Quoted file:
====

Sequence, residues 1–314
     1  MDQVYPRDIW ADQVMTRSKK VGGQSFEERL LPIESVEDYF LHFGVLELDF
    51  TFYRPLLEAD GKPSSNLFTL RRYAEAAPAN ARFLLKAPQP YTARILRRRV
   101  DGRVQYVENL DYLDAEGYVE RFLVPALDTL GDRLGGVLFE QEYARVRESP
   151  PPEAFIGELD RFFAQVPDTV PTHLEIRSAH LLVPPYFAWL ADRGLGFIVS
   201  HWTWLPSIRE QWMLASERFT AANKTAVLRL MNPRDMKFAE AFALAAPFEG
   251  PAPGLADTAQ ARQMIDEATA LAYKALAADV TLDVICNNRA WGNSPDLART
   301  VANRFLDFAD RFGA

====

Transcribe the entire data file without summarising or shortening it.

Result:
Sequence, residues 1–314
     1  MDQVYPRDIW ADQVMTRSKK VGGQSFEERL LPIESVEDYF LHFGVLELDF
    51  TFYRPLLEAD GKPSSNLFTL RRYAEAAPAN ARFLLKAPQP YTARILRRRV
   101  DGRVQYVENL DYLDAEGYVE RFLVPALDTL GDRLGGVLFE QEYARVRESP
   151  PPEAFIGELD RFFAQVPDTV PTHLEIRSAH LLVPPYFAWL ADRGLGFIVS
   201  HWTWLPSIRE QWMLASERFT AANKTAVLRL MNPRDMKFAE AFALAAPFEG
   251  PAPGLADTAQ ARQMIDEATA LAYKALAADV TLDVICNNRA WGNSPDLART
   301  VANRFLDFAD RFGA